Thu, 06/20/2019
Berwick Academy
31 Academy St
South Berwick, ME 03908

ISANNELeads Blog 2016

Click on the headers below to read the entire post...


As I try and disseminate the mounds of information at the midpoint of this program I keep coming back to this resonating theme of “rightfulness”.  Jim Mooney advises, “Do the right thing right.”  Linda Johnson suggests that we ponder, “What is the right thing to do?” as our first question in response to a crisis.  Lastly, Phil Peck lists virtue, integrity, and trustworthiness as some of the qualities / characteristics that heads look for in prospective leaders.  So if we all seem to value mindfulness as a driving force for leadership then why are we not incorporating this quality into the

“You are here not to shrink down to less, but to blossom into more of who you really are.” -Oprah Winfrey

Perhaps it's fair to say that most mid-level leaders did not receive significant risk management training prior to accepting their respective positions, myself included.  Check initial training in risk management involved hosting the "break the pinata" portion of my children's early birthday parties.  The ability to safely line up six-, seven- or eight-year-olds while the batter excitedly whacked away at a candy-stuffed pinata is an impressive skill-set in and of itself....  

There’s no denying it – independent school tuition is expensive.  As tuition steadily rises, a significant percentage of families who have historically been able to afford it are now applying for financial aid.  This afternoon, we spend a chunk of time discussing school finances – budgets, deferred maintenance, revenue models and the rise in tuition.  Amid the numbers and the financial jargon, Sarah Daigneault asked us to think about what happens at our schools, what is “the magic” that makes us unique?  As I sit and reflect upon the day, I am well aware that it is the “magic” that leads fa

As part of my work with the administrative team at my school over the last 12 years, I've had the opportunity to read several staple publications on the subject of leadership within the context of welcoming change or the desire, even the need, for innovation within the independent school market. Senge, Collins, Pink, Wagner, Gardner, Friedman, and other names have graced my nightstand and backpack throughout that process. Some encourage institutional thought, some refocus the reader's lens to be more global, and some direct attention to a specific process.

A number of times in the last day and a half we have been asked  to reflect on those people who we look at as leadership mentors and the qualities that they possess. This has led me to starting thinking about two things: 1. what does "what stands out to me in a leader" mean and 2. there are many people I look up as leaders, but nothing about their leadership is standing out to me.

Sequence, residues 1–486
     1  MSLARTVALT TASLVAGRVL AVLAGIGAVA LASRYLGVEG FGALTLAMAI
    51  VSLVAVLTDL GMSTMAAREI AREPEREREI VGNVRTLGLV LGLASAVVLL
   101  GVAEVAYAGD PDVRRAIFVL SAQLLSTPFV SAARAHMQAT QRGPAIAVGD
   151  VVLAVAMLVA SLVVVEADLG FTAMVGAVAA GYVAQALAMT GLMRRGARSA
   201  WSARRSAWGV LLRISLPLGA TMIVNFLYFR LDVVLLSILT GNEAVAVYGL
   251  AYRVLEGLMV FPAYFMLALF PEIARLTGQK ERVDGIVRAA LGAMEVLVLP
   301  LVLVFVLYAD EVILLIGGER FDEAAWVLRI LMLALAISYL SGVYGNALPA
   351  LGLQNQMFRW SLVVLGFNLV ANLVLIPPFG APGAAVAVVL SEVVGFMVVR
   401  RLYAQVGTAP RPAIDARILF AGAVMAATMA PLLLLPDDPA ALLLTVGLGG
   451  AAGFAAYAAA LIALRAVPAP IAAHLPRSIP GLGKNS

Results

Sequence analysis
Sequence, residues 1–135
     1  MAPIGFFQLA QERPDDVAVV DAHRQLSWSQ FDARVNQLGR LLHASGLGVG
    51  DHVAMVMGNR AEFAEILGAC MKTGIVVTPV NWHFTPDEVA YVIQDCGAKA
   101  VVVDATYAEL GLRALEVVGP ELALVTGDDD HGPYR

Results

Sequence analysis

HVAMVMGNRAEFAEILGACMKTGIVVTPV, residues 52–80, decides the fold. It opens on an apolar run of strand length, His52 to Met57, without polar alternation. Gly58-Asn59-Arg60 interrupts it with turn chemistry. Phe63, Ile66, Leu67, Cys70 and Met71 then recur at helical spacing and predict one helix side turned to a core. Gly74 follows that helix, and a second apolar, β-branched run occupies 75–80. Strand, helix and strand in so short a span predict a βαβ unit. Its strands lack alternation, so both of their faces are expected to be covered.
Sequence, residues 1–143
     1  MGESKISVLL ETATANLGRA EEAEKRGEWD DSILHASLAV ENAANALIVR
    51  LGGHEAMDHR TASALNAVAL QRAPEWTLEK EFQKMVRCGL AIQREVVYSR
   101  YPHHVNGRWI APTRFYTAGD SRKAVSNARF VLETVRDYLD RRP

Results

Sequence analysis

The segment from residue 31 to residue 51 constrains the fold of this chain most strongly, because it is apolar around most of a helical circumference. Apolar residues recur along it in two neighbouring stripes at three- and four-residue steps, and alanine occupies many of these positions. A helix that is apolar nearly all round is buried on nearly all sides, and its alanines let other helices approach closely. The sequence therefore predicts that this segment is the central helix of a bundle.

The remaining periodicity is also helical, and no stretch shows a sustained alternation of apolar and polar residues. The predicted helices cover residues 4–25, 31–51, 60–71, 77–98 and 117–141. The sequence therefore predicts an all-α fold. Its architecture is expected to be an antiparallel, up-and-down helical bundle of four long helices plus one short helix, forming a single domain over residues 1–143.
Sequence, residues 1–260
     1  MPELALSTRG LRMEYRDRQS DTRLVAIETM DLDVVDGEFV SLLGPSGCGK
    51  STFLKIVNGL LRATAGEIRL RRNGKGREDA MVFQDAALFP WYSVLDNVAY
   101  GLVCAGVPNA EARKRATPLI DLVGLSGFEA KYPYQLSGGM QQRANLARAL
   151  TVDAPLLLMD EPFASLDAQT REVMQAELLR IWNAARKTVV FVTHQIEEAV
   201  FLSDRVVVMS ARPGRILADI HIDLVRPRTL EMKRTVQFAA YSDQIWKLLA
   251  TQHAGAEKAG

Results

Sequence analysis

The results are in! Today we all received our long awaited personality test results for the Myers-Briggs Type Indicator (MBTI) and Fundamental Interpersonal Relations Orientation-Behavior (FIRO-B). I had taken the MBTI many years ago and my results were quite polar in all areas, but one. Years ago I was an ENTJ and now I am an INTJ. It seems I have migrated a bit toward the middle, I guess in my youth I was a bit more black and white. Now I am more comfortable with gray, and all the ambiguities and nuisances that life brings.

After a twelve plus hour day, I am back in my dorm room to reflect on the hard work my cohorts and I were a part of today.  The day was long, the work difficult; yet fabulous and insightful. What has remained with me right now is what Phillip Peck just finished up with and that is that all of the competencies needed in being a good leader are skills that can be learned, worked on and improved upon. This is refreshing to me after a day of being indecisive as to whether this was actually a good path for me. 

The morning of the second day began with Jodi McGary’s session entitled, “Understanding Yourself and Those Around You.” During this session, we had the opportunity to develop a basic understanding of the Myers-Briggs personality types and most importantly, learn about our individual types. One of the things that really struck me throughout these discussions, was the importance and even necessity for effective leaders to build a team that represents varied personality types.

Here we are, starting our long awaiting session for the leaders. I am looking forward to challenges and collaborative work with all the participants; networking and learning from our mentors; exploring my personal and professional capabilities. It sounds like the week is loaded with very interesting topics and indeed, our first presenter dug into the most stimulating areas of our business, such as ethical, philosophical, team work and leadership styles.